While not necessarily a requirement, as you can watch your recorded shows on your smartphone or tablet via the app, you’re probably going to want to purchase a Chromecast, Amazon Fire TV stick, Roku, Android TV, or Apple TV in order to stream the content to your television. As mentioned previously, there is no way to connect Tablo directly to your TV, so any of the above listed options will allow you to watch your content on your TV.
With that all out of the way, we can finally get to the actual performance of the Tablo itself. Your performance will obviously vary based on the other hardware you’ve chosen to use with it. If your antenna is sub-par, you won’t be able to pick up as many channels, or your signal may end up being bad. If you use smaller external storage you won’t be able to record as many shows.
The parts that Tablo does control do work quite well though. Upon first setup Tablo will need to format your external storage, which will take some time depending on the size of the drive. It will also need to scan for channels, which can also take some time depending on where you live. Last but not least, initial setup will need to download your TV schedules, allowing you to handle all of your watching and recording needs — which also actually took quite a bit of time now that I think about it…
Once the initial setup is out of the way, you’re free to record shows, watch live TV, and play back recordings at your leisure. In the app settings you can choose whether or not to make your Tablo available outside of your home network, meaning you can watch your live or recorded shows on the go as long as you have a strong enough data connection.
Most of the complaints you may have about the performance of the Tablo — perhaps with the exception of the speed to format your drive, scan for channels, and download TV listings — will likely fall on the other hardware attached to it. For example, my antenna is propped up in a window to get the best possible signal. It works really well when it’s set up properly. It apparently wasn’t propped very well at one point though, and it fell out of place, so several recordings were completely garbled as a result. That technically wouldn’t be the fault of your Tablo, as it was the antenna that didn’t provide a clear signal.
Once you’re inside the Android or iOS app, that’s really the main ecosystem you’re going to see for Tablo. Inside of the app you’ll be able to do all of the stuff I’ve already talked about, as well as watch live TV or any programs that you’ve recorded.
The video player is relatively straightforward. You’ll have your standard play/pause controls, and you can tap anywhere on the player bar to fast forward or rewind. There are also quick forward/back buttons to skip forward 30 seconds or backwards 20 seconds. Good for skipping back to something you may have missed, or skipping past commercials.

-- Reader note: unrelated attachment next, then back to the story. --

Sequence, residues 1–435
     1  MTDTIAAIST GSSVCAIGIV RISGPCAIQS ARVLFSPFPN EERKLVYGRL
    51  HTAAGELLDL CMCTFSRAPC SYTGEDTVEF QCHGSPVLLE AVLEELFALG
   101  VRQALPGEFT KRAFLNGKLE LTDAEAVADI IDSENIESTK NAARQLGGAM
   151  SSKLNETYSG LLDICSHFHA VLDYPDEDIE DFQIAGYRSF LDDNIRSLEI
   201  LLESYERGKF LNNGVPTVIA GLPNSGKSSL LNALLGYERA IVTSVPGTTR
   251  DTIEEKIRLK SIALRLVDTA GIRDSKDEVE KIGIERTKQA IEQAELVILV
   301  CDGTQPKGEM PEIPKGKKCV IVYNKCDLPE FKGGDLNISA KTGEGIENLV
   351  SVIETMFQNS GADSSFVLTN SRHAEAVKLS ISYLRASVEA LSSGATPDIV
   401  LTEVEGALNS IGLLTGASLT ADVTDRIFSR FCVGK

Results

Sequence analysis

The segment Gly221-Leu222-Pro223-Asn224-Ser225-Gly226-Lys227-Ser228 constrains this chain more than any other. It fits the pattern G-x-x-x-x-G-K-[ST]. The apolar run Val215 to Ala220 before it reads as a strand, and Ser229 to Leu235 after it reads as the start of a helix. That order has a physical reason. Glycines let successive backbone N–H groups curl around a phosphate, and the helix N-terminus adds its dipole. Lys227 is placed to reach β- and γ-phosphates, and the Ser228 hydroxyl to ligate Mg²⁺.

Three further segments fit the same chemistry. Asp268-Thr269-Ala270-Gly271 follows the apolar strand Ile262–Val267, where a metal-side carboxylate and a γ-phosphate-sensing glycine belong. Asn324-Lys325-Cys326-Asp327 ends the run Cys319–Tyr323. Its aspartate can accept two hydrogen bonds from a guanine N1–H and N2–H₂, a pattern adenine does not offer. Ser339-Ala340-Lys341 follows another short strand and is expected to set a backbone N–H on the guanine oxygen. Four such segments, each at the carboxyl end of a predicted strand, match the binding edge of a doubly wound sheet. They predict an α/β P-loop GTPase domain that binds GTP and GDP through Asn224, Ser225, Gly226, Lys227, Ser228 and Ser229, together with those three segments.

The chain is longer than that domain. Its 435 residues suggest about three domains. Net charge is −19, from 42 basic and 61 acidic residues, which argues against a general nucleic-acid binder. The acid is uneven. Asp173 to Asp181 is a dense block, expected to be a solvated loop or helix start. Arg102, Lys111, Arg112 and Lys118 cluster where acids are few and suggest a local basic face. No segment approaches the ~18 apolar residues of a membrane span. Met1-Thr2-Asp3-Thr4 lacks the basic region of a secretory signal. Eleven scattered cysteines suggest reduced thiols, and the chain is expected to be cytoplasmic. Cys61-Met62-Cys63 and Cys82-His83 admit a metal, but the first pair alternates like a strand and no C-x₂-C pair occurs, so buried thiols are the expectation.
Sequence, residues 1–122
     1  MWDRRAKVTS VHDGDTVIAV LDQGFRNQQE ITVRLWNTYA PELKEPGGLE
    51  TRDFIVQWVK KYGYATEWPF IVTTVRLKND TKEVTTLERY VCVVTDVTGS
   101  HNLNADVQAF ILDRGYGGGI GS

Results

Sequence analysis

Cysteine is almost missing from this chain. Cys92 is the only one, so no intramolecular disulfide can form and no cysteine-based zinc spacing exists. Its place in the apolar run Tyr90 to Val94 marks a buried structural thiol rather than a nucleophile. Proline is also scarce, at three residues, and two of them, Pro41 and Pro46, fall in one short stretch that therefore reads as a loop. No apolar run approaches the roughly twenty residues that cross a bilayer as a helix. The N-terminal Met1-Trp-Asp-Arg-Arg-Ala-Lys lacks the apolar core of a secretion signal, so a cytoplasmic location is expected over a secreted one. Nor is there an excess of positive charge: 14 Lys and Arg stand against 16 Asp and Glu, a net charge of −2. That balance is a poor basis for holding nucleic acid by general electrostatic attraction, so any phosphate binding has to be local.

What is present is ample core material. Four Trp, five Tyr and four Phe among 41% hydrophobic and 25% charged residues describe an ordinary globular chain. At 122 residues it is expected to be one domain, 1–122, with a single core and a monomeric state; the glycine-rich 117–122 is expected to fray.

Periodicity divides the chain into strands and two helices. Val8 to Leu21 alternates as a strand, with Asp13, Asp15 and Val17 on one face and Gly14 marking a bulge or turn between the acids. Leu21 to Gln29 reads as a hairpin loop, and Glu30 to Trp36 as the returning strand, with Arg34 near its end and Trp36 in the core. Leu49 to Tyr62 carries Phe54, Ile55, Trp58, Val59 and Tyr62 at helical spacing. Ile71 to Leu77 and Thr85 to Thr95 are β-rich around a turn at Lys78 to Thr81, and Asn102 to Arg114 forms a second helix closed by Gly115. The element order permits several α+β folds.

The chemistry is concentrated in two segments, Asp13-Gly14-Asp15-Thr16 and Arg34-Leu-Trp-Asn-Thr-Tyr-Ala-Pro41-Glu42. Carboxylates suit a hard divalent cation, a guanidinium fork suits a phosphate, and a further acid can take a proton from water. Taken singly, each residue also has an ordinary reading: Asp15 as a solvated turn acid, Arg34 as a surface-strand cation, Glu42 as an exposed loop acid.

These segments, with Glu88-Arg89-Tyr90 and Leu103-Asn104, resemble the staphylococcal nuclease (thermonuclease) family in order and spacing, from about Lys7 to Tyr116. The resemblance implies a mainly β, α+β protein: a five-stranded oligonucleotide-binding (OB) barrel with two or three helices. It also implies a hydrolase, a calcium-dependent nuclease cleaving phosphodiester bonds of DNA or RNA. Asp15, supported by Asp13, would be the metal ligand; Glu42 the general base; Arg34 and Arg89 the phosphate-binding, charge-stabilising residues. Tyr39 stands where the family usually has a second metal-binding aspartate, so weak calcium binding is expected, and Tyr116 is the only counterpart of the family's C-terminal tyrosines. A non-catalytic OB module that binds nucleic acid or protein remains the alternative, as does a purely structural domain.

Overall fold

The two-tuner Tablo is available for $219USD ($274CAD) — and is just a little bit cheaper on Amazon at the moment — while the four-tuner model costs $299 ($374.99CAD). If you live in an area where you’re close to broadcast towers and can pull in a lot of OTA channels, this seems like a small price to pay for a serious cord cutter. Do keep in mind though, there are additional costs associated with the device. You’ll need an antenna and an external hard drive at an absolute bare minimum. There are various priced options available for both of those items. You will also probably want a Chromecast at the very least. That’s an additional expense. If you like all of the features during your free month trial, you may also want to subscribe to the Tablo service. There are three tiers of pricing for monthly ($4.99 USD/$5.99CAD), yearly ($49.99USB/$59.99CAD), or lifetime ($149.99USD/$179.99CAD) subscriptions. While that can seem like a lot to pay for up front, just think about how much your cable bill was, and laugh about how much less this is overall, even with the more significant up front costs.
Cord cutting isn’t for everybody. For those that have taken the plunge though, you don’t have to go without TV. Tablo offers you the ability to watch and record tv channels pulled over the air. For some people that will be enough. If you’re one of those people, Tablo has some great features that will help you get the most out of your OTA channels. Just don’t skimp on the storage and antenna, because there’s only so much that Tablo can do on its own.[button link=”https://amzn.to/2PaxhsB” icon=”fa-shopping-cart” side=”left” target=”blank” color=”285b5e” textcolor=”ffffff”]Purchase from Amazon[/button][button link=”https://us-store.tablotv.com/” icon=”fa-shopping-cart” side=”left” target=”blank” color=”285b5e” textcolor=”ffffff”]Purchase from Tablo[/button]
*We were sent a review sample of the Tablo OTA DVR for the purposes of this review.
Last Updated on February 20, 2020.